You’re planning your next Italian weekend getaway, but have already been to Rome, Florence, Naples, Bologna and Milan. So, where to next? Maybe Turin could be just what you’re looking for. Although it might not rival the beauty of other Italian places (but to be fair, there’s a lot of competition), in many ways Turin is the ideal weekend break destination because a) it’s a big city with a great cultural scene, b) it’s well connected through its own airport and that of Milan, which is only a 2h bus drive away, c) it’s beautifully situated at the foot of the Alps and at the heart of the Piedmont region, and hence forms the perfect basis to discover other parts of this corner of Italy, and of course d) it has AMAZING FOOD – this is Italy after all!
For me, this was reason enough to pay a visit to this remarkable city a few weeks ago (and it also just so happened that my other half and I got a birthday party invitation of someone living in neighbouring Alba, but more about that in another post…).
Now, I have to admit that winter might not be the best season to visit Turin, as the city tends to get covered in a layer of fog a lot of the time, BUT that doesn’t stop one from discovering all that this place has to offer. And you’ll also have the perfect excuse to spend more time inside eating, because let’s be honest, the best way to discover any Italian city is by using your taste buds.
So, once you have seen the historic city centre with its royal palaces, elegant squares and grand avenues (Turin once used to be the capital of the Kingdom of Italy), have visited the iconic FIAT factory (this city is the home of the Italian car industry) and have discovered the history of Italian cinema at the National Cinema Museum inside the Mole (the city’s most remarkable building) it’s time to move on to that other important ingredient of your Turin experience: the food.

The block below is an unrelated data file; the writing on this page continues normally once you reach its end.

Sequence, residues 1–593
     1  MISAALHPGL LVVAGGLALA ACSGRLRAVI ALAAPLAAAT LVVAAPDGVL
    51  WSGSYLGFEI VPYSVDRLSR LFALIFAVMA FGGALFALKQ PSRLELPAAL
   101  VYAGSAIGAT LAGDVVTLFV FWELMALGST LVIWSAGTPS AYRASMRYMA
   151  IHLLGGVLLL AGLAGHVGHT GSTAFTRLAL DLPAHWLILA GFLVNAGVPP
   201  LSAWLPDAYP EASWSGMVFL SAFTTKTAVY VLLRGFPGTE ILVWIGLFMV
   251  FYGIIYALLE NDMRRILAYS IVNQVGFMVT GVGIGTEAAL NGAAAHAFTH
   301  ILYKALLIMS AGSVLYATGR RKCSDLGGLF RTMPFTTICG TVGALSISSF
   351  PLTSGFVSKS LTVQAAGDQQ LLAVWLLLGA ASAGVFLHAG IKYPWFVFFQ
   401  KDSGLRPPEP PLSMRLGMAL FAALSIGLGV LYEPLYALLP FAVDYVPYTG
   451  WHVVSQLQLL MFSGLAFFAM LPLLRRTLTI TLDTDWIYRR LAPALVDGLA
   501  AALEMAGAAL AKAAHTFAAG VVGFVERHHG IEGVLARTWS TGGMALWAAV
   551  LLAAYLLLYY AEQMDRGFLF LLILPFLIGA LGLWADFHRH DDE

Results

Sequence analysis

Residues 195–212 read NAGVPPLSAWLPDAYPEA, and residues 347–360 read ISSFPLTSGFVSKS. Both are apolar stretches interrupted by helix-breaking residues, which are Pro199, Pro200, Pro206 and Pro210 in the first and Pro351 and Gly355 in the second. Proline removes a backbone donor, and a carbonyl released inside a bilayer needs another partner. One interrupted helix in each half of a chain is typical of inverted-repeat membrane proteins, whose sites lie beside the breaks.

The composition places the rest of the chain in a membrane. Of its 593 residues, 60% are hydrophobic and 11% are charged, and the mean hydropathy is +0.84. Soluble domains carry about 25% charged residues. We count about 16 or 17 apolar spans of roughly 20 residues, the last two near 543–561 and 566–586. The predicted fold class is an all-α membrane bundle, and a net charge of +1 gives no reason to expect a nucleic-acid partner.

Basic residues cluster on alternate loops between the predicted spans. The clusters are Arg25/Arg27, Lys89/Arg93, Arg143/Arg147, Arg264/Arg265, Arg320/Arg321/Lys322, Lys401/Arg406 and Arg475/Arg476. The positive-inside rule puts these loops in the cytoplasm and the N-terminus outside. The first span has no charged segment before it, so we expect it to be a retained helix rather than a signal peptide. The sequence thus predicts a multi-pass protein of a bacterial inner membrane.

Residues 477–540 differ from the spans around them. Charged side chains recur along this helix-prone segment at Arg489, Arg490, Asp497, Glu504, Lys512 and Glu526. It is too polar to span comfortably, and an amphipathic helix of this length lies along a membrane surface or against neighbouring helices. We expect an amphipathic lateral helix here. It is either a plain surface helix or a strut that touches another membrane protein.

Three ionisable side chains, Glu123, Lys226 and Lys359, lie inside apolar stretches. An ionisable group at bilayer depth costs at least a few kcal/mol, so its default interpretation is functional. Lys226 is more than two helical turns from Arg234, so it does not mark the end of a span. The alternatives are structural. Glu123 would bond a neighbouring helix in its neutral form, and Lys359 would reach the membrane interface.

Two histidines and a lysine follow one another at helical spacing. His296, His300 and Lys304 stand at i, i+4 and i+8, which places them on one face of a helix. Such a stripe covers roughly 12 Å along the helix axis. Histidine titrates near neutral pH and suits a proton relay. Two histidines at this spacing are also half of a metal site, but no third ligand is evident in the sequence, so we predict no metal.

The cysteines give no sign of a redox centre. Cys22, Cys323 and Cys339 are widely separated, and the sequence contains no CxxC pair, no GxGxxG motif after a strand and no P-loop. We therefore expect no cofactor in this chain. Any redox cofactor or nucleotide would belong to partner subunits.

A warning though for vegetarians: unlike the rest of Italy, they eat A LOT of meat in Piedmont. If you do eat meat, good news, because the meat dishes here are de-li-cious. One of the most popular ones is carne cruda (literally: raw meat), Piedmont’s version of steak tartare. Made of extremely tender and finely sliced raw beef and marinated in lemon juice, olive oil and salt and pepper this is a truly authentic local dish, best enjoyed with some truffle shavings (Piedmont is THE Italian truffle region, after all). Also very typical is vitello tonnato, a dish of cold slices of veal covered in a mayonaise-tuna sauce.
Of course, no Italian meal is complete with a pasta dish. In Turin, this includes agnolotti or plin – a sort of meat-filled ravioli – and tajarin, extremely thin stripes of egg-based pasta, served with a (meat-based) sauce and (when available) sliced truffle. To make sure no one will suffer from carb-deficiency (because, you know), meals are usually accompanied by grissini, thin bread sticks.
Like neighbouring France, Piedmont is also famous for its variety of cheeses and cheese dishes. One dish you cannot miss is fonduta, Piedmont’s answer to fondue. It’s made with butter, milk, egg yolk and of course cheese and served with (again) truffle and it’s just divine.
There are plenty of places in Turin where you can find these local dishes, but I had excellent versions of all of the above at Taverna dell’Oca and Scannabue, both in the city centre.
All of this is best enjoyed with a glass of local wine. Piedmont has some of the country’s best wines, including the renown Barolo, Barbaresco, Barbera and Nebbiolo. I’m not a wine connoisseur, but my oh my these wines are lovely! Fancy something stronger? How about a Martini? The famous drink originated in Turin in 1863 and is still as fashionable as ever. Wallpaper, on the other side of the river Po, serves some great Martinis and other cocktails.
The city’s other famous drink is bicerin, a cup of hot chocolate, milk and espresso. The most renown place to have a cup of this delight is at Caffè al Bicerin. It’s worth the queue (or have yours outside)!
Do keep some space for a ‘proper’ dessert though, because they make some great cakes and pastry in Piedmont. Oh and chocolate. That’s right, this hazelnut-growing region gave us Nutella and Ferrero Rocher – can it get any better? Uhm yes, I discovered there’s such a thing as solid Nutella and it’s called gianduiotto and it’s heaven…!!
Turin, you have conquered my… stomach